Distraction is becoming a norm. With easy access to Social Media, YouTube, cell phones and what not, it’s getting more and more difficult to focus on one particular thing. There’s always an unread email or message on Facebook that’s waiting for our attention. And the intense need to open that email or message is almost like our life depended on it.
That’s why, as an experiment, I decided to put away my cell phone and laptop for 10 days of silence in the mountains. I took the night-bus from Delhi (ISBT) to Mcleod Ganj, and then, an auto rickshaw to Tushita Meditation Centre, located next to Vipassana Meditation Centre. The auto rickshaw took me up to a certain point, after which I had to walk through a rugged path for about five minutes. That short walk made me realize that after having been in the city for so long, I’d forgotten what it was like to be surrounded by trees that are so tall that I had to crane my neck to get a better view.
Right when I entered Tushita, the first person to greet me was Yeshe, one of the three gorgeous dogs at the centre. As a beginner, I’d signed up for the Introduction to Buddhism Course months in advance. And my only expectation from the course was to be able to quieten the constant chatter in my mind. What I didn’t know was that there would be 90 other people from different parts of the world with their own reasons for being there. I was sharing a room with two other women, one from Spain (who later told me that she’s been going for at least one Vipassana Course every year for nearly 15 years) and the other from Germany (a volunteer at the Osho Ashram in Pune).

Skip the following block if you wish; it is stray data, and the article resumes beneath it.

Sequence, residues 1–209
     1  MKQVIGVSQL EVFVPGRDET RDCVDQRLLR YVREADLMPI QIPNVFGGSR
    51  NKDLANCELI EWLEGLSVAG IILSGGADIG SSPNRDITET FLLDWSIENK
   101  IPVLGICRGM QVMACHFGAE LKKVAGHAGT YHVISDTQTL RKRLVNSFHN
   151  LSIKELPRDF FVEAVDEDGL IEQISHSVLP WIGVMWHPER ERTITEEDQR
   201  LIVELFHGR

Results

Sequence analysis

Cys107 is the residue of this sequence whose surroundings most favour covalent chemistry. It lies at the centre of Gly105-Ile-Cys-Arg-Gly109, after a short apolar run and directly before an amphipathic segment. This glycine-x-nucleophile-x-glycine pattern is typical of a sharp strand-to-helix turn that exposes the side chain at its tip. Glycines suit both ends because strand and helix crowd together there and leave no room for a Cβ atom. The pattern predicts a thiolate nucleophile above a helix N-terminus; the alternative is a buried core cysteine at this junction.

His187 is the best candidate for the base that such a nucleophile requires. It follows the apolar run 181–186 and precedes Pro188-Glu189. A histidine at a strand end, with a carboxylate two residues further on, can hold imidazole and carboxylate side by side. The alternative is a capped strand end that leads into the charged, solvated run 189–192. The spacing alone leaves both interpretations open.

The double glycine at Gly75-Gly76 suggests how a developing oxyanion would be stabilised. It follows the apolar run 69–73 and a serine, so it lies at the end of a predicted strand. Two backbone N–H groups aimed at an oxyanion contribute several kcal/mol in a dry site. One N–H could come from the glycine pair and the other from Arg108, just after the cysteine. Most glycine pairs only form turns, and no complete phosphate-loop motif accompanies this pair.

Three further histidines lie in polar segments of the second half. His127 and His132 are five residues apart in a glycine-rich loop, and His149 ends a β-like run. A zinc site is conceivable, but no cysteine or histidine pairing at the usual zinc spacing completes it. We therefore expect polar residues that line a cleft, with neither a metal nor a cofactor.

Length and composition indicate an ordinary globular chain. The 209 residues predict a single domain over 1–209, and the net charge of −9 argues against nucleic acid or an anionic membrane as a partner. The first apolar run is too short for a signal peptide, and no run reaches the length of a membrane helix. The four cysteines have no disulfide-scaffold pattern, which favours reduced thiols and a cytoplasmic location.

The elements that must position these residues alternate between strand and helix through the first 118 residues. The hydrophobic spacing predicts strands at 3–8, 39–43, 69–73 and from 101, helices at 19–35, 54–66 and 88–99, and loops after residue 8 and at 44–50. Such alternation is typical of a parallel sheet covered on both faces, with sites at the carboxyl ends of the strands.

Our schedule was pretty simple. We spent the first half of the day listening to the teachings from our teacher (in my case, it was a monk from Australia, who has been practicing Buddhism since the 70s). When I say teachings, I mean talking about things like anger and attachment – stuff you and I can completely relate to because they affect our everyday lives. And in order for us to internalize these teachings better, we formed discussion groups and talked about it every afternoon for an hour (which was also the only time we could officially speak, unless we wanted to speak to Tashi, the librarian, about a book we were planning to borrow). Apart from discussions, we spent the second half of the day meditating, which again, was another way of reflecting on what we’d learnt during the day, and if we had a question, we could always ask our teacher.
But sometimes sitting on a cushion with your eyes shut can bring up a lot – old memories, fears, anxieties, disconnected and bizarre thoughts that take you by surprise, and if you’re lucky, even moments of peace and quiet. That’s what made going there worthwhile. Because even though, we may be outwardly connected to the whole world, inwardly, we are disconnected even from ourselves. That disconnect becomes evident when we don’t have distractions to take us away from that feeling. But if we stick with that feeling, we realize that it starts to lose its power and we get better at just being.
To know more about Tushita Meditation Centre or to sign up for a course, visit www.tushita.info